UCLA attack prompts reflections on fear and campus safety

Education department, experts recommend creating threat assessment teams

The murder-suicide at University of California-Los Angeles (UCLA) last week reignited conversations about campus safety and mental health.

Former UCLA engineering doctoral student Mainak Sarkar is believed to have killed a woman in Minnesota before driving to Los Angeles to kill two professors. He shot and killed highly-regarded professor William Klug and then himself, which led to a multi-hour campus lockdown. The other professor was not on campus at the time and was unharmed, police say.

Both professors knew Sarkar had an issue with them. "But I don't think that is cause for somebody to believe that they were going to be a homicide target," said Los Angeles Police Department (LAPD) Chief Charlie Beck.

An unraveled relationship

Sarkar thanked Klug for being his mentor in his doctoral dissertation, which was submitted in 2013. But recently, Sarkar accused the professor of stealing his computer code and giving it away. Following conversations with UCLA officials, police found the accusations to be without merit, Beck says.

Sarkar struggled with mental health issues, including depression.

Lockdown

Text alerts told students, faculty, and staff of police action and then of a shooting in a building on campus. However, much of the rest of the lockdown was improvised, according to faculty and students who spoke with the Chronicle of Higher Education.

Some students even said their professor did not heed the lockdown, continuing to lead a lecture until an hour after the alert was sent. Other students reported improvising barricades to block doors that opened outward—and therefore could not be locked. 

In the age of mass shootings, what does it mean to protect a college campus?

The UCLA emergency management office includes instructions on its website for active-shooter situations, but some professors say they've never received training.

Training varies by institution, according to William Taylor, president of the International Association of Campus Law Enforcement Administrators. Many schools rely on instructional videos, while others employ customized programs complete with demonstrations and drills, Taylor says.

Fear is an issue across campuses

A nonscientific survey by the Chronicle in December 2015 found most respondents said they were "often worried" about a mass shooting on campus. Respondents said they'd thought of classroom escape routes and refrained from awarding certain students poor grades. Many people who identified as students said they wanted to be allowed to carry guns on campus to protect themselves against mass shooters.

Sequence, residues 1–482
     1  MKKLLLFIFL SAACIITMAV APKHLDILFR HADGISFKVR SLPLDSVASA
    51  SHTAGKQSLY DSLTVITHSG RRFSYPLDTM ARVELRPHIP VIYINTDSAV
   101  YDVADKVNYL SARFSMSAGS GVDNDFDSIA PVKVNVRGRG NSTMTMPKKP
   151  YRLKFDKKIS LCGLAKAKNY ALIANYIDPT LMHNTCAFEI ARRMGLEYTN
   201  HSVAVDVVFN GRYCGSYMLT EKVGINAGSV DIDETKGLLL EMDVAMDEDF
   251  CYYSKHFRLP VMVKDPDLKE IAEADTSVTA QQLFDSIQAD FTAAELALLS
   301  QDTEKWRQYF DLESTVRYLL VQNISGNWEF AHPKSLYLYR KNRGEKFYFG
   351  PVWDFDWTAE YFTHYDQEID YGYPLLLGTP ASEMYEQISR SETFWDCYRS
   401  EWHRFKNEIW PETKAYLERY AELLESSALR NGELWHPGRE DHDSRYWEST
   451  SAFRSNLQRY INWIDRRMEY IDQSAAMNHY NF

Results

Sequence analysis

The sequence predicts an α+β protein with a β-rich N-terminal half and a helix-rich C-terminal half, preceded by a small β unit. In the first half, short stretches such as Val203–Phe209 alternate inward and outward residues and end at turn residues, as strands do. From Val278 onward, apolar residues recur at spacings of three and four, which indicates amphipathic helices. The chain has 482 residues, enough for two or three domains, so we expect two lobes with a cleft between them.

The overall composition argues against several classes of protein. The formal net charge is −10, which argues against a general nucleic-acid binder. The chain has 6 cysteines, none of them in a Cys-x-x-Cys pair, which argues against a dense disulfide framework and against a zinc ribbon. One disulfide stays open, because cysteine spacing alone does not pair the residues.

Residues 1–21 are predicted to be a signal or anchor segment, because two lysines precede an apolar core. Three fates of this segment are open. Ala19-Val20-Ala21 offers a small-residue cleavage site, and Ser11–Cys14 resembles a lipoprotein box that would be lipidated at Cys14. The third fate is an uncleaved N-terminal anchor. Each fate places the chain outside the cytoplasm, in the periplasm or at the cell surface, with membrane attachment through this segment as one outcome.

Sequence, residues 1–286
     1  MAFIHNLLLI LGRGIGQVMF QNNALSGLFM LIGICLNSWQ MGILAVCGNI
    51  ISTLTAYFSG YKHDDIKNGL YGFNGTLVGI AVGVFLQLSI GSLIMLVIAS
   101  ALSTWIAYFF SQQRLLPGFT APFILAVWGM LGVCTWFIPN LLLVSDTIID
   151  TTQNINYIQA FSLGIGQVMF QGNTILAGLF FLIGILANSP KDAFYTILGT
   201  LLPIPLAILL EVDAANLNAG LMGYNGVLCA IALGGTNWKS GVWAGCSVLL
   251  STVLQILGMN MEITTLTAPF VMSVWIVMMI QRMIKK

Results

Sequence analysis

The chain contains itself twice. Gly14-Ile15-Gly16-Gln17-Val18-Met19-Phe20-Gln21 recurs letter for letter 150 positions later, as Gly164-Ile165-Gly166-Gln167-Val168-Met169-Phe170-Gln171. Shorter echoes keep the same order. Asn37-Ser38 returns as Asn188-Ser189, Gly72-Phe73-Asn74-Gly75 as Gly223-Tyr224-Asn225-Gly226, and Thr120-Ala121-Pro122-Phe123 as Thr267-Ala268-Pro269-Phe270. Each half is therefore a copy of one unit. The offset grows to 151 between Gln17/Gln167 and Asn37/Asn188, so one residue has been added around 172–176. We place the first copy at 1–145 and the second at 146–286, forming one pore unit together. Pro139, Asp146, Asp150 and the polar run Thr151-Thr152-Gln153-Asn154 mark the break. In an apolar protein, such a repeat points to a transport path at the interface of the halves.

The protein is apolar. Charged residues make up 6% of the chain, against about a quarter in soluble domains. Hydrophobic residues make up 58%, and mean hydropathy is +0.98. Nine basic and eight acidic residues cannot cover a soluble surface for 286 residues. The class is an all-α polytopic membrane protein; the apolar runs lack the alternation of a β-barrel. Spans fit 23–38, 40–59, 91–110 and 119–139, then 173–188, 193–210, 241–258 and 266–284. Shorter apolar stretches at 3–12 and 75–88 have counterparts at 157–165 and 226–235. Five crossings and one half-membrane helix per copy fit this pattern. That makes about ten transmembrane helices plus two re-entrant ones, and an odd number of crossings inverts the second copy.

Student threats against professors are not unheard of. An El Camino College student was arrested earlier this year for threatening to kill a professor over a grade. Last year, a student at Embry-Riddle University was charged with threatening to kill a professor over a failing grade. 

Campus safety collaborative 'a living legacy' of Virginia Tech victims

In the last two decades, students and former students have killed professors at California State University at Los Angeles, San Diego State University, University of Arizona, University of Arkansas, Virginia Polytechnic Institute and State University, and the Appalachian School of Law.

Protecting the community

Two reports can help universities and colleges protect their students, faculty, and staff, says Ann Franke, president of Wise Results, a higher education consulting firm that focuses on legal issues and risk management.

The first is the 2002 report from the Education Department and Secret Service—and though it deals mostly with high schools, many lessons can be applied to higher education, Franke says.

The second is a 2010 report from the Secret Service, the Education Department, and the Federal Bureau of Investigation. The most recent report examined 217 attacks that took place from 1900 to 2008. More than 25% occurred in administrative or academic buildings. 

Threat assessment teams: an effective, low-cost way to prevent violence

Not all students who pester a professor for a higher grade are actually a risk—but schools need threat assessment teams to determine who is, Gregory Boles of Kroll Associates told Inside Higher Ed. The Education Department recommends these groups that include people trained in psychology and safety.

"Institutions can work to publicize their policies and resources, including counseling services and ways to raise concerns about threatening behaviors," Franke says (Jaschik, Inside Higher Ed, 6/2; Thomason/O'Leary, Chronicle of Higher Education, 12/17/15; Pettit, Chronicle of Higher Education, 6/3; Mather, et al., Los Angeles Times, 6/2; Hamilton, et al., Los Angeles Times, 6/3). 


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